Rewards to shout about?

My year 7 English class are a unique mix of personalities and, like most stand alone secondary schools, it takes a while for those personalities to learn to work together. This group are particularly LOUD! Their homeroom teacher (also the year 7 coordinator) and I were reaching serious frustration point in trying to encourage an appropriate level of noise for inside work. Then, while randomly surfing the net and the app store, I found an ipad app called Too Noisy.

too noisytoo noisy 2We experimented with the free version and eventually the yr 7 teachers have bought the app to get all the features. Essentially it is a noise meter with graphics that allow students to see when they are getting too loud. The teacher can set the levels for different activities. It is most effective when shown on the whiteboard so all students can see it but if I am using the whiteboard then I just set my ipad on the front of my desk.

The most recent updates have included a star system … if students can keep the noise level below the yellow (halfway mark) for a set number of minutes they earn a star. If they get too noisy and ‘crack the screen’ setting off the alarm they lose a star.

This has really appealed to the students and we now have a new challenge in our classroom. I have set the star level to 4 minutes. The challenge is to earn 10 stars in a double lesson (90 minutes).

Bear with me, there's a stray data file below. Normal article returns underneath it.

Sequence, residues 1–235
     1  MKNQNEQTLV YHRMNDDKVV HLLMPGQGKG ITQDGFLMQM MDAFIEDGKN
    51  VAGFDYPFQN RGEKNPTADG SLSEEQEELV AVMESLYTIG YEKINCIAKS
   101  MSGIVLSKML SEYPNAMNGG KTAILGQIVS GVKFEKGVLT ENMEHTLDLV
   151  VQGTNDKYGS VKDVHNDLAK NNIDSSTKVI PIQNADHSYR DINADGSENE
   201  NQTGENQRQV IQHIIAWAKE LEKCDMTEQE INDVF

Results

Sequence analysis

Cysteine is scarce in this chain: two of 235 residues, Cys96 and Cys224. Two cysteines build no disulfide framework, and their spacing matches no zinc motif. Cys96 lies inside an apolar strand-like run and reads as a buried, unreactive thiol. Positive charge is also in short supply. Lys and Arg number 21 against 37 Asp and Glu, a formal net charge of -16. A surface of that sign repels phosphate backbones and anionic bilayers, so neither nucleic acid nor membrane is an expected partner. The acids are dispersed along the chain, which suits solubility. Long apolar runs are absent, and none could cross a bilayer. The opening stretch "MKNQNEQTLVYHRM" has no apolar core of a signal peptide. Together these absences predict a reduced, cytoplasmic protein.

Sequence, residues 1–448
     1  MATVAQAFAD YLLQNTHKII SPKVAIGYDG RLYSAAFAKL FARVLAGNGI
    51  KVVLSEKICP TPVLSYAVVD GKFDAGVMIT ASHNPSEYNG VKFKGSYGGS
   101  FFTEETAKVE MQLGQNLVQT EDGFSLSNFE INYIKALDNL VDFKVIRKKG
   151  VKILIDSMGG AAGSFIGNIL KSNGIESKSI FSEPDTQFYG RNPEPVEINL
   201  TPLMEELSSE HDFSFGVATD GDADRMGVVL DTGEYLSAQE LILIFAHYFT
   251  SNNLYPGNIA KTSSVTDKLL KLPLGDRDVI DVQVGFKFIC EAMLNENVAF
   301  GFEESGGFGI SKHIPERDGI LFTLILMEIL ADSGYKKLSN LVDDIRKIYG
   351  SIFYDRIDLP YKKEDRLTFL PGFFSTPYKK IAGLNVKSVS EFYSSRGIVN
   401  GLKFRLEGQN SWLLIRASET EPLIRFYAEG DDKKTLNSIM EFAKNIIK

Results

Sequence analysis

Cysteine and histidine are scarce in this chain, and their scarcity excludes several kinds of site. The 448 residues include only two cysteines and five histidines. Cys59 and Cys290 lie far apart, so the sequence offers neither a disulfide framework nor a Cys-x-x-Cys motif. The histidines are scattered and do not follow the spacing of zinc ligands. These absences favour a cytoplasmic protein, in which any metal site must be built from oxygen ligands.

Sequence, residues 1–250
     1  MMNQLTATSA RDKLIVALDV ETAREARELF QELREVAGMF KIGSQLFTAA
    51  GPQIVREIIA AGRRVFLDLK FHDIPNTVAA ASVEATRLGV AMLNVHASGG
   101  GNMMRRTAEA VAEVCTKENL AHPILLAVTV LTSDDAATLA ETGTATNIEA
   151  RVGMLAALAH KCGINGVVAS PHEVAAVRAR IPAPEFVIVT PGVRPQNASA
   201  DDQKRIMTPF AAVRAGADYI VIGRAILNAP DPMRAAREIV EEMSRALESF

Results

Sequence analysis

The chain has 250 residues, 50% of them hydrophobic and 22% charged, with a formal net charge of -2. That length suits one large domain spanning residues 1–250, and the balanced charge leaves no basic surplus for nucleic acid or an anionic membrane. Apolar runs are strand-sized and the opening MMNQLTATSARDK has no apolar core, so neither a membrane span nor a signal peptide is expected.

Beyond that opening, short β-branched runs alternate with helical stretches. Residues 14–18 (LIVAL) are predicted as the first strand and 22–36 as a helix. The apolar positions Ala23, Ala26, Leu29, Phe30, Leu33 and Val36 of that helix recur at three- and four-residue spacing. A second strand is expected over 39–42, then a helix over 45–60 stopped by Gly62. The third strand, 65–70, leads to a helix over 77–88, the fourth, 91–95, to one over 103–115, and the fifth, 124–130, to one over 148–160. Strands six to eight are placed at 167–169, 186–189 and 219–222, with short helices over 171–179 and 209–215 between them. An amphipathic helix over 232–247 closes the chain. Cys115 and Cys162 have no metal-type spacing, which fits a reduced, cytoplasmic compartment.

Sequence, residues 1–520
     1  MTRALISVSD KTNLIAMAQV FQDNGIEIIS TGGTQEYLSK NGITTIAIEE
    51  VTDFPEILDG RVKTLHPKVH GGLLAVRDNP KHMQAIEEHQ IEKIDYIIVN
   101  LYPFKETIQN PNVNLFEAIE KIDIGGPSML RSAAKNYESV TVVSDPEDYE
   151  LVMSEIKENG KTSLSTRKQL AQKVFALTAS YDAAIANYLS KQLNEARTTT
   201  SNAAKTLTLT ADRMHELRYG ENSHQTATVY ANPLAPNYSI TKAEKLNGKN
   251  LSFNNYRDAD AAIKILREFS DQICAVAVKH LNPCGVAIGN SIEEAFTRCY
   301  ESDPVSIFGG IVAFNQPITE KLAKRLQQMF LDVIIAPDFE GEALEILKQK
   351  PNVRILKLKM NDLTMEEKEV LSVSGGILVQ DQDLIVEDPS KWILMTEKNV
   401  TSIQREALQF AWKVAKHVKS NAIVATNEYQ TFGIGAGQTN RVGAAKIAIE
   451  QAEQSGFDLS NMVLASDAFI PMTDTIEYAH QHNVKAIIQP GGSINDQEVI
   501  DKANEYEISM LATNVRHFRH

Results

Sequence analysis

This then prompted the question “What will we earn?”

Seemed like a fair question and when I threw it back to the students they could only come up with “fish & chips” or “chocolate frogs”.

I’m not against extrinsic rewards, especially at junior levels to work towards self management … I offer a chocolate frog each week as part of our spelling games … ¬†but it did strike me that the only rewards they could think of were food rewards and not really ‘healthy’ options. I joked that I would be happy to bring a bag of apples or carrots as a reward but that didn’t go down too well. After some thought they decided that the reward could be a games session … I have a game we play in teams that promotes vocabulary, grammar and thinking skills (students especially like the ‘hot seat’ rounds where they are under pressure to come up with words).

So this is now our goal … 10 stars = 1 games session!

What I like about it is:

  • A) the students chose it;
  • B) it is something that is fun, not expensive and everyone can be involved in;
  • C) it doesn’t link goal achievement with food.

Not everything we do needs an extrinsic award, ultimately we move towards intrinsic satisfaction with a job well done … hence not every goal in our class has a reward but it doesn’t hurt to have a little fun every now and again.

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What is your attitude to rewards?

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Posted on November 3, 2013, in Uncategorized. Bookmark the permalink. 3 Comments.

  1. I love the idea! As I am an EFL teacher, I sometimes offer a joke or a new Web2.0 tool. I have noticed, that when I offer these things as a reward for the students’ good work, they are more pleased with the things. But the idea of students choosing the games session and the use of technology seems brilliant for me.

  2. Thanks for your comment, Tatyana!

    We love playing games and I often use ’10 quick quiz questions’ to end a lesson as a bit of fun. The great thing about the games we play, which your students would also appreciate, is that everyone regardless of ability can join in because it is a team effort and we are all improving our vocabulary and English skills.

    I don’t think jokes would work on my students … they moan at me when I tell jokes ;)

  3. Mine need some time to translate them, so it is Ok. :)
    Helen, thanks for the share of your presentation. It is fun not only for my students, but for me as well. :D

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